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Online Encyclopedia
Originally appearing in Volume V02, Page 644 of the 1911 Encyclopedia Britannica.
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JAMES HAMILTON, 3rd earl (c. 1537-1609), was styled earl of Arran after the creation of his father as duke of Chatelherault in 1549; the latter title did not descend to him, having been resumed by the French crown. His father's ambition destined him for the hand of Mary queen of Scots, and his union with the princess Elizabeth was proposed by Henry VIII. as the price of his father's adherence to the English interest. He was early involved in the political troubles in which Scotland was then immersed. In 1546 he was seized as a hostage at St Andrews by the murderers of Cardinal Beaton and released in 1547. In 1550 he went to France, was given the command of the Scots guards, and in 1557 distinguished himself in the defence of St Quentin. He became a strong adherent of the reformed doctrine. His arrest was ordered by Henry II. in 1559, Mary (probably in consequence of his projected union with Elizabeth which would have raised the Hamiltons higher than the Stuarts) declaring her wish that he should be " used as an arrant traitor." He, however, escaped to Geneva and then to England, and had an interview with Elizabeth in August. He returned to Scotland in September, where he supported his father's adherence to the lords of the Congregation against Mary of Lorraine, upheld the alliance with Elizabeth, and became one of the leaders of the Protestant party in the subsequent fighting, in particular organizing, together with Lord James Stuart (afterwards earl of Murray), in 1560, a stubborn resistance to the French at Dysart, and saving Fife. In November 1559 he had declined Bothwell's challenge to single combat. Subsequently he signed the treaty of Berwick, became one of the lords of the Congregation, and was appointed a visitor for the destruction of the religious houses. The same year proposals were again made for his marriage with Elizabeth, which were rejected by the latter in 1561; and subsequently after the death of Francis II. (in December 1560), he became, with the strong support of the Protestants and Hamiltons, a suitor for Mary, also without success. He was chosen a member of her council on her arrival in Scotland in 156r, but took up a hostile attitude to the court in consequence of the practice of the Roman Catholic religion. He now showed marked signs of insanity, and was confined in Edinburgh Castle, where he remained till May 1566. He had then lost the power of speech, and from 1568 he lived in retirement with his mother at Craignethan Castle, while his estates were administered by his brother John, afterwards 1st marquess of Hamilton. In 1579, at the time of the fresh prosecution of the Hamiltons, when the helpless Arran was also included in the attainder of his brothers and his titles forfeited, the castle was besieged on the pretence of delivering him from unlawful confinement, and Arran and his mother were brought to Linlithgow, while the charge of his estates was taken over by the government. In 158o James Stewart (see below) was appointed his guardian, and in 1581 acquired the earldom; but his title and estates were restored after Stewart's disgrace in 1586, when the forfeiture was repealed. Arran died unmarried in March 16og, the title devolving on his nephew James, 2nd marquess of Hamilton.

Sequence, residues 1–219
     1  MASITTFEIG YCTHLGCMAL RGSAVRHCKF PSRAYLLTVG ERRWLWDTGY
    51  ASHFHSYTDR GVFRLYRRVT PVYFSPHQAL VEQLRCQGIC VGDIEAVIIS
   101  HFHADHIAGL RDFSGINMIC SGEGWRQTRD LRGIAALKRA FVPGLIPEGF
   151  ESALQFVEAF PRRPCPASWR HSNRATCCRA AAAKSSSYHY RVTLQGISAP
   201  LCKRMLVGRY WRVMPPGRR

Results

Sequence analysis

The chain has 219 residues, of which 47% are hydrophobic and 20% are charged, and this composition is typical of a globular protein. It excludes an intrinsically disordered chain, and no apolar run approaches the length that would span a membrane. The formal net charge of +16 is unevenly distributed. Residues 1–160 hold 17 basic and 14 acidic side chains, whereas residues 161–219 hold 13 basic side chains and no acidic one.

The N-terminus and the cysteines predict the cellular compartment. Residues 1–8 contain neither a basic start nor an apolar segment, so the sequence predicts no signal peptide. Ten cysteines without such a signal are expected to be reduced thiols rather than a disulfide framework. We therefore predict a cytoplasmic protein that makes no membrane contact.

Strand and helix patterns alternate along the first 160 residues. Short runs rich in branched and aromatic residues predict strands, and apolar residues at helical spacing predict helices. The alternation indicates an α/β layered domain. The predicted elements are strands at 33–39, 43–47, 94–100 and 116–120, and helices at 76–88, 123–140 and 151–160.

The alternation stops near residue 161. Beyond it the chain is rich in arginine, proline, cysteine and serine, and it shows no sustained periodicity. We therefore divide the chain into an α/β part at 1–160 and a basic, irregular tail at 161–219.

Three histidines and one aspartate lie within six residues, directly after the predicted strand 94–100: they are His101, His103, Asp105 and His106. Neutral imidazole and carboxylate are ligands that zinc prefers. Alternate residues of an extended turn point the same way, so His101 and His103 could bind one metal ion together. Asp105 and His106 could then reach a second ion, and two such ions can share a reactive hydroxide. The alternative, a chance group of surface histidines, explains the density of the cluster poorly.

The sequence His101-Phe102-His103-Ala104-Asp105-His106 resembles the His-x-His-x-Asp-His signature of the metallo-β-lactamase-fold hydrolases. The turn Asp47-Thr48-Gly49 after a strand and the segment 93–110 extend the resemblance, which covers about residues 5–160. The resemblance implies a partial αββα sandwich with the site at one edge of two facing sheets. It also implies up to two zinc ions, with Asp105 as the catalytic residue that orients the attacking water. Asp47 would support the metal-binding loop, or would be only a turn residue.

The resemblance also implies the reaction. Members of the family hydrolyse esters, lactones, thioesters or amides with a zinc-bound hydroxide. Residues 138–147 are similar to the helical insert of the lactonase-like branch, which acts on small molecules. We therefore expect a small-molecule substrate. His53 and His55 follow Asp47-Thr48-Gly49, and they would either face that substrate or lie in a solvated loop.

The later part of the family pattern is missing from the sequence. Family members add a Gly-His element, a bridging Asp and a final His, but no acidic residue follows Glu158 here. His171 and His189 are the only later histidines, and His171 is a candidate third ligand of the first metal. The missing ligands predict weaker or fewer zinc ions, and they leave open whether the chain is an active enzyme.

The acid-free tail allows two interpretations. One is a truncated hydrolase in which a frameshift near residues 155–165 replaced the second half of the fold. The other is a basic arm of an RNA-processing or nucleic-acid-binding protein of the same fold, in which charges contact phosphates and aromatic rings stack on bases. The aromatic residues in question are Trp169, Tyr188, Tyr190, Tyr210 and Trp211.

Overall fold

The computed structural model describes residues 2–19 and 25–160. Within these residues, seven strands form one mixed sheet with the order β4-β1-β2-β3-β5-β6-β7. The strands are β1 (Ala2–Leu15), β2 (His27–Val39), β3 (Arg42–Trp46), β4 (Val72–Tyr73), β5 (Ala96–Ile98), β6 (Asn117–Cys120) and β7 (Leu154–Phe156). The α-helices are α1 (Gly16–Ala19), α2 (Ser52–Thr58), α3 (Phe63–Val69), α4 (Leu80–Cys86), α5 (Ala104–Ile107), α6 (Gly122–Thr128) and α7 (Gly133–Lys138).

End of Article: JAMES HAMILTON

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